North Zulch Independent School District11304 4th Street, North Zulch, TX 77872
(936) 399-4151 Additional Contacts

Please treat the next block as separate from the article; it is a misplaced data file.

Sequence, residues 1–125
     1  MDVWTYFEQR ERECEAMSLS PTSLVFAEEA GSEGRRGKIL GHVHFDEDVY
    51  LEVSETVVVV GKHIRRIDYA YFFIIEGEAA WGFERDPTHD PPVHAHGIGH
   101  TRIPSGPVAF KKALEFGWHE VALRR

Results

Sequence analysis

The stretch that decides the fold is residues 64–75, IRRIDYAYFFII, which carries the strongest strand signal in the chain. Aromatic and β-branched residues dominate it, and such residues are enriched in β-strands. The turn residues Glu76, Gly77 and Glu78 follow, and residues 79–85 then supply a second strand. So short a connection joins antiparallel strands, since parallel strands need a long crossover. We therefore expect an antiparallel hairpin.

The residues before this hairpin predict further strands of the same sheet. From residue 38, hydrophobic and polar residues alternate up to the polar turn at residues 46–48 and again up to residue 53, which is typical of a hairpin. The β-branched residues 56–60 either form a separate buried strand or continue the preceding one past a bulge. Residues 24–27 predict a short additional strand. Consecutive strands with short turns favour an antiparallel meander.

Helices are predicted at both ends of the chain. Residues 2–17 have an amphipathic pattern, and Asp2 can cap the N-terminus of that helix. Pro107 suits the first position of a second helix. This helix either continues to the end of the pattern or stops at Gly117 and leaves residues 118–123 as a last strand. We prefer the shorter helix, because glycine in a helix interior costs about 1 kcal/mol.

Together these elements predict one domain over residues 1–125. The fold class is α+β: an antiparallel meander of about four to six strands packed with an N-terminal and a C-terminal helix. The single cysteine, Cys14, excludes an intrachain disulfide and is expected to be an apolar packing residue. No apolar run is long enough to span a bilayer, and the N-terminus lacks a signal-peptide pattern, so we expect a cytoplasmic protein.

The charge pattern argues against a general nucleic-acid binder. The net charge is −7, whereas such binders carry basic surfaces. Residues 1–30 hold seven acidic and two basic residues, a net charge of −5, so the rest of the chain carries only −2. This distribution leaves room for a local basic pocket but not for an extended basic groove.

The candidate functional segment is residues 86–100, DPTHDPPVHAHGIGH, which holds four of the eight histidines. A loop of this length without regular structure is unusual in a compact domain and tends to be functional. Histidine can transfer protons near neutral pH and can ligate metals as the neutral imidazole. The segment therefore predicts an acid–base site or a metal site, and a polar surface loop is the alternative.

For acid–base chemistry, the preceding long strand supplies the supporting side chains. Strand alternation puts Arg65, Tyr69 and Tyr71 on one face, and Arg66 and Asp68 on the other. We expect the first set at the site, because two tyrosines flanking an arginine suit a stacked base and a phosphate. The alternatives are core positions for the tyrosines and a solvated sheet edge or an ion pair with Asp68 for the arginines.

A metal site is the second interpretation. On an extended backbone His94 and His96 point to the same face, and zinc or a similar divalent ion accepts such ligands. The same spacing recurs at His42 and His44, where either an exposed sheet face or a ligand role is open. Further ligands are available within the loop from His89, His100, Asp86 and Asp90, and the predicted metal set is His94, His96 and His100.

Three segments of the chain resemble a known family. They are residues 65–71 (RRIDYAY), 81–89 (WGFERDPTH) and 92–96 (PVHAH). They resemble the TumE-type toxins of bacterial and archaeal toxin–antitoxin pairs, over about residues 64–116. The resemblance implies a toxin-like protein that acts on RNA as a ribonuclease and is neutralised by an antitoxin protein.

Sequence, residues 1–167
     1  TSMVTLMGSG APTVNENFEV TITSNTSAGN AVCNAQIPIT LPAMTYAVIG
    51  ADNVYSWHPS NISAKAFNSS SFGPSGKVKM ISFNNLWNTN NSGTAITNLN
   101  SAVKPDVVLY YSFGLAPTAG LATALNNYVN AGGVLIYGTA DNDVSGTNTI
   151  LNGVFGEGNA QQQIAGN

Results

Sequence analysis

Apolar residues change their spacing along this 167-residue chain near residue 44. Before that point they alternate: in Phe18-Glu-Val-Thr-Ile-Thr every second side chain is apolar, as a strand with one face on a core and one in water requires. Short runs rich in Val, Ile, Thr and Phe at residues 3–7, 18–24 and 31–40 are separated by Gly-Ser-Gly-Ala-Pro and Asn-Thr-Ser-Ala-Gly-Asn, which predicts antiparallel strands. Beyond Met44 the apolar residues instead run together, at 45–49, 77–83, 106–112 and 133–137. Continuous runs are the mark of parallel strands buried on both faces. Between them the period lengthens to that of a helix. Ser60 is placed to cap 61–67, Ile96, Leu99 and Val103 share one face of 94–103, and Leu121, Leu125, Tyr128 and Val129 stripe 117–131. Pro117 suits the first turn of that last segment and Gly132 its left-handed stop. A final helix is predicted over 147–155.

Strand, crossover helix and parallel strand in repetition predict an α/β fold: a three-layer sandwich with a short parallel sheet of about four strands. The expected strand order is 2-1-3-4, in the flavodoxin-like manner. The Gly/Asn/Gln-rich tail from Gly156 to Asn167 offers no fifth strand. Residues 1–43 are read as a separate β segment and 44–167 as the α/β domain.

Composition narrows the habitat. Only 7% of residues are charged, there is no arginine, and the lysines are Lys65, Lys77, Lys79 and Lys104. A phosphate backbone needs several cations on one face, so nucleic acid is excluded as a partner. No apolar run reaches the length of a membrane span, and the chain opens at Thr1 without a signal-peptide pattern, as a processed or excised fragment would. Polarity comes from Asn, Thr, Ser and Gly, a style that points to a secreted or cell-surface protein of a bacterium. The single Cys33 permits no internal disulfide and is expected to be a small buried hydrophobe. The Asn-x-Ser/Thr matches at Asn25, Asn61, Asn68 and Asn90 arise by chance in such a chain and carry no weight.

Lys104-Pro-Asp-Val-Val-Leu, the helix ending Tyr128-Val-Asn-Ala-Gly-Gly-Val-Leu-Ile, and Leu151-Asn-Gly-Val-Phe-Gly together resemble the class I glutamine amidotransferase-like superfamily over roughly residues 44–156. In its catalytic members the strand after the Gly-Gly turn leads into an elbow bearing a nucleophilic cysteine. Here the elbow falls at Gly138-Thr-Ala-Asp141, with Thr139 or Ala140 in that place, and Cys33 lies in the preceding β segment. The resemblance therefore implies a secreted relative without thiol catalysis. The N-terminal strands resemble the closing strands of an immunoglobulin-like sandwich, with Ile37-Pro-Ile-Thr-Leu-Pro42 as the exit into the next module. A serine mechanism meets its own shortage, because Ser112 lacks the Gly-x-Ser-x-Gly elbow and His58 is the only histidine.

History of North Zulch ISD The school was named North Zulch Independent School District for the town which was named in 1849, for Julius Zulch who came to Texas from Germany in 1848, and settled about two miles south of North Zulch. In 1908, when progressive citizens banded themselves together to organize a public school, classes were held in the Free Will Baptist Church with a faculty consisting of W. S. Barron. A building was ready for occupancy by that spring. The years 1935 to 1937, marked great improvements in the North Zulch educational program. The original frame structure was torn down to be used in a home economics and agricultural building located across the street from the main building. Nearby, a stucco building was constructed to be used as both gymnasium and auditorium. Later dressing rooms and showers were added to this building. In 1955, a one-story building was connected to the old building by a covered walk way. A circular drive for buses which allowed the loading and unloading of students and patrons without their being exposed to unfavorable weather conditions was added. In 1976, a new gymnasium was completed at the east end of the 1955 classroom unit. Included in this building was a library. An extremely controversial decision was made in 1979 to tear down the 1924 two-story brick building to build new classrooms, offices, and a cafeteria. The new building was completed in 1981. The destruction of the old brick building was good economically but a costly emotional loss to many in the community and the school. Also in 1981, a portable building was purchased and placed directly where the brick building stood to be used as a library. Due to continued growth of students and maintenance costs for the classrooms built in 1955, additional classrooms and a new library were contructed in 1993 to house the kindergarten through sixth grade. In 1994, the new agricultural/home economics building was completed. An additional eight classrooms and restrooms were later added to house the fourth through sixth grades along with a new science building.